The revised nose of the Blenheim which facilitates bomb-aiming and navigation, apart from slightly improving performance.
Features of the fuselage construction of the long-nosed Bristol Blenheim. Actually the structure differs little from that of the short-nosed version.
A portion of the P.Z.L. stand with the Wolf light twin-engined fighter in the foreground and the Elan twin-engined bomber. The sharp tapering of the cowlings on the Elan are noteworthy.
The Westland Lysander is a strut-braced monoplane and has a single-spar wing, with a false rear spar. The spar flanges are very substantial extrusions.
The installation of two Daimler Benz D.B.600 inverted vees in a Heinkel bomber of the German Air Force. An engine of this type is exhibited at Paris.
This view shows the grouping of a shell gun and two machine guns in the nose of the P.Z.L. Wolf two-seater fighter. The cowling of the “hush-hush” inverted-vee engines may also be studied.
A dummy Oerlikon shell-gun and two wooden Brownings protrude from the nose of the P.Z.L. Wolf twin-engined light fighter. Note the landing lights.
A view of the P.Z.L. Mouette (Gull) (LWS.3 Mewa) army co-operation machine showing its resemblance to the Westland Lysander, even to the guns in the undercarriage.
One of the fixed guns in the undercarriage of the P.Z.L. Gull army co-operation monoplane. This machine follows Lysander practice in many respects.
Ultimate winner of the Schneider Trophy and for a time holder of the world's seaplane speed record: The Supermarine S.6 B with Rolls-Royce “R” engine of 2,300 b.h.p.
The largest retractable undercarriage unit in the world, as fitted to the Armstrong Whitworth Ensign transport used by Imperial Airways.
The wing of the Armstrong Whitworth Ensign is generally similar to that of the Whitley, but the strips in the corners of the spar box are of different section.
The Galtier 30 fighter developed by the Arsenal at Villacoublay.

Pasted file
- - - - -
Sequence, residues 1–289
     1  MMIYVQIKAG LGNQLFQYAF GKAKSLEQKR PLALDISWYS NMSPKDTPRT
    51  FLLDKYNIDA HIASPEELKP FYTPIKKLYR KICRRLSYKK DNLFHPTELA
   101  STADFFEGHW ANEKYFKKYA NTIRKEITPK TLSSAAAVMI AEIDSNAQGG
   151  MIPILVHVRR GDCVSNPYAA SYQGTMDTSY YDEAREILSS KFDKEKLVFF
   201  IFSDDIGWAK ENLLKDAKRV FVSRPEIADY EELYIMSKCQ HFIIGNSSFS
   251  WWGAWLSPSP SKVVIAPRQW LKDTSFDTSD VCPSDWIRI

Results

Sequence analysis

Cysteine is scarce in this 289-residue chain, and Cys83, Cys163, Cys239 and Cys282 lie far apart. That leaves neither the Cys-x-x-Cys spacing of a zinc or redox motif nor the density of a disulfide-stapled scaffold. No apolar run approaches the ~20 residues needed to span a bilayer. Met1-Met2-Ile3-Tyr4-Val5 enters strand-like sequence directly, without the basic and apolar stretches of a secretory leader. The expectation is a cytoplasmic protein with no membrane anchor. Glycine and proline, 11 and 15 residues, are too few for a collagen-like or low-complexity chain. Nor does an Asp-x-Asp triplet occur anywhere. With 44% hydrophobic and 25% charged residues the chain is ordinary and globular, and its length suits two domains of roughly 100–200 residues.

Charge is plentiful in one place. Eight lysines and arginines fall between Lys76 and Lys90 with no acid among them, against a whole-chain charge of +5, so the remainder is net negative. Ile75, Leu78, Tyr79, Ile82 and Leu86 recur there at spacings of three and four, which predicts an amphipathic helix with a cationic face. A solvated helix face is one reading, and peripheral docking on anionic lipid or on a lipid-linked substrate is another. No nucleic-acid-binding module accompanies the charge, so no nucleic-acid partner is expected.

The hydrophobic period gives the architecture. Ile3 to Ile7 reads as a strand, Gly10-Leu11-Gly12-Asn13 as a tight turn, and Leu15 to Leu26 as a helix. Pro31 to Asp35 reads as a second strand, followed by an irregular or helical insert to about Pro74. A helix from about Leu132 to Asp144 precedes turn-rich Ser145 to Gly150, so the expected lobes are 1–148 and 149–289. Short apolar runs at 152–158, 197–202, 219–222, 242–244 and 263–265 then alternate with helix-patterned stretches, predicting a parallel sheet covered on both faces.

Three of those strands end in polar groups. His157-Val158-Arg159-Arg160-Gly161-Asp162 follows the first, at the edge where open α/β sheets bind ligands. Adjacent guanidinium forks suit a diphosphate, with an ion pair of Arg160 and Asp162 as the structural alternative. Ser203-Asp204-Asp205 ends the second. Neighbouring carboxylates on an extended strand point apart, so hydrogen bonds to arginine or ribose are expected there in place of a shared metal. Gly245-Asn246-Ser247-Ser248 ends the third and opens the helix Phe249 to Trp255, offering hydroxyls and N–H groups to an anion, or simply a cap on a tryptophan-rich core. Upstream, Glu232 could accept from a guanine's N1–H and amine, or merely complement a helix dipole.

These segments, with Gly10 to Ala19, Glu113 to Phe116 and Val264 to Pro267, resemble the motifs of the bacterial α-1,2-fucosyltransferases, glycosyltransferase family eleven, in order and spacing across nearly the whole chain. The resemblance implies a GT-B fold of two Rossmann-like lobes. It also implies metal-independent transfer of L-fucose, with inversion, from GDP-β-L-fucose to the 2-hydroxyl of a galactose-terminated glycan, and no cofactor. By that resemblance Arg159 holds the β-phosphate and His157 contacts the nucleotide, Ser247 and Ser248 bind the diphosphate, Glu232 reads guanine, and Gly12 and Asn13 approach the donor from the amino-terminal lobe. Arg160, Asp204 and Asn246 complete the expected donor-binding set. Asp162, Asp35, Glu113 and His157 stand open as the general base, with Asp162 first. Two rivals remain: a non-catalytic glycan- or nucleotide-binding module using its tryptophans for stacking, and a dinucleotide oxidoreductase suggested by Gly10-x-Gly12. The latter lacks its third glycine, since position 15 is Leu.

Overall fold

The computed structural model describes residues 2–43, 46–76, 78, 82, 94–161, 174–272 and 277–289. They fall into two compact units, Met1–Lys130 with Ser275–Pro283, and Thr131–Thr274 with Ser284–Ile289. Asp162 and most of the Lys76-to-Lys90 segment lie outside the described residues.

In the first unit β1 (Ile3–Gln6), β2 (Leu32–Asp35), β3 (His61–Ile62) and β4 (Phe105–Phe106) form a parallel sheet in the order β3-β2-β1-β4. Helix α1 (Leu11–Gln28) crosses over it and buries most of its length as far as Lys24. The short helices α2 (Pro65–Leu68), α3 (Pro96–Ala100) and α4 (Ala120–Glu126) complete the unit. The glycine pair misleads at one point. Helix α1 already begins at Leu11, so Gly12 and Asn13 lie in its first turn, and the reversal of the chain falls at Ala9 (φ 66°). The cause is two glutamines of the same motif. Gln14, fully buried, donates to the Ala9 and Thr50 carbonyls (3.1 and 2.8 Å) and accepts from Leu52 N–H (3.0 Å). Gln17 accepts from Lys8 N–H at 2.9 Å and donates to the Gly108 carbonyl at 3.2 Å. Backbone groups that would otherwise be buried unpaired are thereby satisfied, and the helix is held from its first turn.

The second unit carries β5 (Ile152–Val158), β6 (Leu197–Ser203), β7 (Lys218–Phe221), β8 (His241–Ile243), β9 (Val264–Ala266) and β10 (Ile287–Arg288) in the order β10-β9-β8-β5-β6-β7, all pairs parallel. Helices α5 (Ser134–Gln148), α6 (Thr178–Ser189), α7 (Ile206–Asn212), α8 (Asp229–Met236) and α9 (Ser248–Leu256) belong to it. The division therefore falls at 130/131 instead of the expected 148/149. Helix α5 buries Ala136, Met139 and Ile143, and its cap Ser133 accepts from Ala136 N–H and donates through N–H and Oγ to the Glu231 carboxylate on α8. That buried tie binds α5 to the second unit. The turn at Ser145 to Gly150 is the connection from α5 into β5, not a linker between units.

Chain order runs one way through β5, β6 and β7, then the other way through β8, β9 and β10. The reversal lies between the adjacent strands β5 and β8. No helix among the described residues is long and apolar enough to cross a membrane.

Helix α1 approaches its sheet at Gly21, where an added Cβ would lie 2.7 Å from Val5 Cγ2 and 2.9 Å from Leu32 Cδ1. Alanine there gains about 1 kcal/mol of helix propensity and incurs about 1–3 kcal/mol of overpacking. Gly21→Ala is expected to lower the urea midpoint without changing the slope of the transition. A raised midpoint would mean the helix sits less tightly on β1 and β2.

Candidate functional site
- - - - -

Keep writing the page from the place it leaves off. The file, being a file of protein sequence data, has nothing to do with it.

A later model with revised accommodation and engine installation.
A model of the new Fairey commercial machine ordered by the Air Ministry.
The forward portion of the model of the new Fairey four-engined transport which will have a nose wheel of substantial proportions.
Showing how the retracted wheels of the D.H. Don are housed in fairings behind the intakes for the cooling air.
The little Sopwith biplane of 1913-14 set a standard, tor the time, of aerodynamic efficiency.
Although occupying a good deal of floor space the German exhibit includes only one full-scale machine, the Dornier Do.17 bomber, seen in the foreground. This aeroplane makes an interesting comparison with the long-nosed Blenheim at the other end of the building.
A section of the German “territory,” showing the Dornier Do.17 with its two Bramo Fafnir radials and its distinctive camouflage.
On the Dornier Do. 17 bomber a forward-firing gun protrudes through the pilot’s windscreen.
Dowty internally sprung wheels simplify the biplane's undercarriage problem in the case of the Gloster Gladiator.
In the Gloster Gladiator the sheet-metal spar web is stiffened by a corrugation running spanwise.
The front of the Koolhoven F.K. 58 single-seater fighter, showing the unusual cowling over the two-row Hispano and the bulges beneath the wings for the four Browning guns.
The somewhat elaborate retractable undercarriage on the Koolhoven F.K.58 fighter. The gun fairings are also visible.
Unfortunate external fairings for the undercarriage characterise the Seversky pursuit used by the U.S. Army.
Caudron’s light single-seater fighter which has two shell-guns and an inverted-vee Renault engine. Coups Deutsch influence is apparent.
The nose of the Caudron light fighter (450 h.p. inverted-vee Renault) show­ing the Bronzavia flame-dampers.
In a class of structure by itself is the Vickers-Wallis geodetic construction. The members, run diagonally around the surface, and tension members are made to stabilise compression members, and vice versa.
One of the neatest large undercarriages yet seen that of the Vickers Wellington twin-engined bomber.
FIAT-POWERED: A recent version of the Italian Caproni Ca.135 twin-engined high-speed bomber fitted with two Fiat A.80 two-row radials giving 1,000 h.p. each at 13,500ft. The top speed is said to be about 290 m.p.h. The front gun mounting is interesting but must of necessity give a limited field of fire.
The arrangement of the tandem Hispano engines on the high altitude Farman. The radiator installation is particularly interesting.
The new Mercier cowling for radial engines is seen for the first time installed on the L.e.O. 46. The cooling air escapes through an annular slot round the nose.